LOS ANGELES (AP) -- Slightly more than halfway through their schedule, the defending NL West champion Dodgers still do not have a winning streak of more than three games.
Six attempts at a fourth straight victory have all ended in failure. And this time it was the team that eliminated them from last year's playoffs, the St. Louis Cardinals, who stopped Los Angeles in its tracks.
Hyun-Jin Ryu gave up a home run off the left-field foul pole by Yadier Molina in the fourth inning and a tiebreaking, two-run double by Jhonny Peralta in the fifth. The Dodgers couldn't overcome that, managing only two harmless singles against four relievers through the final 4 2-3 innings of a 3-1 loss Friday night.
Ryu (9-4) gave up nine hits in seven innings with seven strikeouts and one walk. The left-hander hasn't walked more than two batters in any of his last 12 outings, but he's allowed a home run in four of his last five starts after yielding just two in his first 10 games.
"Overall, it was a really good game for me," Ryu said through a translator. "My control was there, my velocity was there and I managed my pitch count really well. The home run, it was just a good-hit ball. It was a changeup, maybe a little bit too close to the middle."
Peralta, who struck out his first two times up, snapped a 1-all tie in the fifth with a two-out drive to the fence in right-center that scored Matt Carpenter and Matt Holliday. That gave the shortstop six RBIs in his last six games.
"By the time that you realize maybe you have a play on it, it's too late," center fielder Scott Van Slyke said. "Obviously, I'm going full speed to try to catch it. I look up and I see (Yasiel) Puig. It looks like we're equidistant to the ball. It's just one of those things where it just fell in there."
Van Slyke was making his ninth start in center. Playing alongside Puig can be hazardous because of his aggressiveness on every play -- particularly in the alley, where the center fielder should have the right of way.
"When you're in a tight game, and you're in a game that one play changes something, if that ball happens and (we) end up tying the score somewhere, you guys don't ask about it," Dodgers manager Don Mattingly said. "It's a close game and every play counts. Any ball that you don't get to can change the game."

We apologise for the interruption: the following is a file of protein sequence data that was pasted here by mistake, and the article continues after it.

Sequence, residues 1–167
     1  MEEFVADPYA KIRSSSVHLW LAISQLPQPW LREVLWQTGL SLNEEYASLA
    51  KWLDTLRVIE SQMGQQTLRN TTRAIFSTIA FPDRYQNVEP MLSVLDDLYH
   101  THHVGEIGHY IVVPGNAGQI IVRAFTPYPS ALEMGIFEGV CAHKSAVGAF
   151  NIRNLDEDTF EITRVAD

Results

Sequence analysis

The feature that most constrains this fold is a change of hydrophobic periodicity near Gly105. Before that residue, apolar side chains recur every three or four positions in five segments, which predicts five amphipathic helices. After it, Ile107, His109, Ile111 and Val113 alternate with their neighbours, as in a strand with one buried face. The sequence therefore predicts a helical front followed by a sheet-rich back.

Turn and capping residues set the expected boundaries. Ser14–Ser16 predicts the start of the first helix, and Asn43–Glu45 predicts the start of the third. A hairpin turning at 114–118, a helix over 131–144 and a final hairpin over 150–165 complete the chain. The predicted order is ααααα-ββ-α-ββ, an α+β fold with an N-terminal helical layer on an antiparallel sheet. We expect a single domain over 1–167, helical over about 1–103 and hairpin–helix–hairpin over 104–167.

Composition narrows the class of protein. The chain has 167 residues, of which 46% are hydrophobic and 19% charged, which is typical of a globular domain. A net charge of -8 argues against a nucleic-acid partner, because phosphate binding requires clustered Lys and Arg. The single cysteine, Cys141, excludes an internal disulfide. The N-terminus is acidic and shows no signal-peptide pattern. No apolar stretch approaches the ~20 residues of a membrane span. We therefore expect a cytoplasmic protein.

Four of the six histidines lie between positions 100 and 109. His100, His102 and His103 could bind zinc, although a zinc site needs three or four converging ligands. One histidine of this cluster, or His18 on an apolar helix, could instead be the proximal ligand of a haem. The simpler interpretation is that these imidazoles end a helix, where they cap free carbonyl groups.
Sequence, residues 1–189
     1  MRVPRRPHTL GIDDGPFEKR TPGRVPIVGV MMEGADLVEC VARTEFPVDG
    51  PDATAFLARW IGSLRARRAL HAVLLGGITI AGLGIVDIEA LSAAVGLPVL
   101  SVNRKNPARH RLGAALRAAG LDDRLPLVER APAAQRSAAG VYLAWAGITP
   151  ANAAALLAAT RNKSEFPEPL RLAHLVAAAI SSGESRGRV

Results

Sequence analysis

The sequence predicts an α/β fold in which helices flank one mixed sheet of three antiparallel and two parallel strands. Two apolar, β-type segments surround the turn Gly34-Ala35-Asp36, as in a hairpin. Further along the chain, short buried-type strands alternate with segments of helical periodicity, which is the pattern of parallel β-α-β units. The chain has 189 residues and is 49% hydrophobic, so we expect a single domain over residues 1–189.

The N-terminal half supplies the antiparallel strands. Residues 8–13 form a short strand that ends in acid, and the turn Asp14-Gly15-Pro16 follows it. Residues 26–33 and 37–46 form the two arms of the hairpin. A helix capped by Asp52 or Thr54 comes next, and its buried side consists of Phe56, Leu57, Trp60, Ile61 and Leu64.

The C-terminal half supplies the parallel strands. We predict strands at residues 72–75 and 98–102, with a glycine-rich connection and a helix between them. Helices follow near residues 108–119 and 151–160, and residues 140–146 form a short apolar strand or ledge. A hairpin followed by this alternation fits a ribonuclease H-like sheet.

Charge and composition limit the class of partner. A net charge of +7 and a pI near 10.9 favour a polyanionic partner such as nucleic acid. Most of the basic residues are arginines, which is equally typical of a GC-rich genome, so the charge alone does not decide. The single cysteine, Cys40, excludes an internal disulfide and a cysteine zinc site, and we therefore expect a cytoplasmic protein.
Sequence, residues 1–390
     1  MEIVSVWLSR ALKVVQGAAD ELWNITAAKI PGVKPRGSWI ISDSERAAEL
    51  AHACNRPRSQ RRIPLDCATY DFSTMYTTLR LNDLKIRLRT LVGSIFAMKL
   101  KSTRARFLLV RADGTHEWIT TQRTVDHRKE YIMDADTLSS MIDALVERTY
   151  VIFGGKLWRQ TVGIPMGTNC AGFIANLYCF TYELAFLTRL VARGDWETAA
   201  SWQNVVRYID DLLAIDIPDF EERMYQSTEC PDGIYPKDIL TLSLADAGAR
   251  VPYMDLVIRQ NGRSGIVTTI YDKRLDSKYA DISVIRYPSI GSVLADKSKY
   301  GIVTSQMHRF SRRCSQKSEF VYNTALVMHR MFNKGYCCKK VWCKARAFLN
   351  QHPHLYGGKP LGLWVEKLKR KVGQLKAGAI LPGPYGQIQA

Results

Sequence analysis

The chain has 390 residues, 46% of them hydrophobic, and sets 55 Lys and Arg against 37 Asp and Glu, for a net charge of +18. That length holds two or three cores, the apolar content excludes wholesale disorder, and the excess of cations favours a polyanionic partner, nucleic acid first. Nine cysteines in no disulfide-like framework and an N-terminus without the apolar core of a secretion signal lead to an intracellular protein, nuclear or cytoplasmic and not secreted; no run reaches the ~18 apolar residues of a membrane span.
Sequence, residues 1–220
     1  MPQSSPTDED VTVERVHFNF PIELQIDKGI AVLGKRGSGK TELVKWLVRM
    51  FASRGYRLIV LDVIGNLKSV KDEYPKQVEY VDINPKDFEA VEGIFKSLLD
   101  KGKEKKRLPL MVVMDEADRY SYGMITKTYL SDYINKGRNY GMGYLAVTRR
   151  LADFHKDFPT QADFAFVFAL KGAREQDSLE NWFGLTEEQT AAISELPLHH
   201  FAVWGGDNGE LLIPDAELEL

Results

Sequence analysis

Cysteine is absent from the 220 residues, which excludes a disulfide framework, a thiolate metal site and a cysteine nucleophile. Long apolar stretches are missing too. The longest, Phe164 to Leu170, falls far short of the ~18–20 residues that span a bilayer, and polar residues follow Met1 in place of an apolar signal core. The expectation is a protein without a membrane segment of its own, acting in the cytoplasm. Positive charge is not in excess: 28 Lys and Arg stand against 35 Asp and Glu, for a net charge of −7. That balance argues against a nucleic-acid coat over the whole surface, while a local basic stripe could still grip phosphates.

Dodgers catcher A.J. Ellis -- two weeks off the disabled list after arthroscopic knee surgery -- tried to stretch a single in the fourth. But right fielder Allen Craig made a great play, cutting off the ball while skidding across the foul line and throwing a perfect strike to Peralta at second base.
"Right off the bat, I tried to get over there as fast as I could to cut it off and keep him at second," Craig said. "The ball kind of skipped on me, just because the grass is quick out there. So I had to slide just to get to it, then I just turned and threw it and tried to get it close to the bag."
Cardinals right-hander Carlos Martinez couldn't make it out of the fifth inning despite the two-run lead. Manager Mike Matheny pulled him after a one-out single by Dee Gordon and a walk to Puig, but Seth Maness (3-2) retired Adrian Gonzalez on a double-play grounder.
Maness allowed one hit through 2 1-3 innings with two strikeouts. The right-hander got a huge assist from center fielder Jon Jay, who robbed Juan Uribe of a potential RBI double in the sixth when he sprinted toward the warning track and made a diving, backhanded grab.
"He was running his heart out. That's a tough play, with the wall creeping up on him," Craig said. "That was kind of a fearless play he made right there, and it came at a great time in the game. Good defensive plays can pick up a team."
Pat Neshek retired Matt Kemp on a grounder with a runner at second in the eighth. Trevor Rosenthal got three outs for his 24th save in 27 chances, retiring Ellis on a double-play grounder to end it.
Martinez allowed a run and six hits, struck out four and walked three in his fourth major league start. The only run off him came on Gordon's RBI single in the second.
NOTES: Dodgers starting pitchers have issued fewer than three walks in 31 consecutive games, matching the 1990 Pittsburgh Pirates for the longest such streak by an NL club since 1914. ... St. Louis has allowed a major league-low 26 home runs on the road. ... Seven of Molina's last eight homers have been solo shots.
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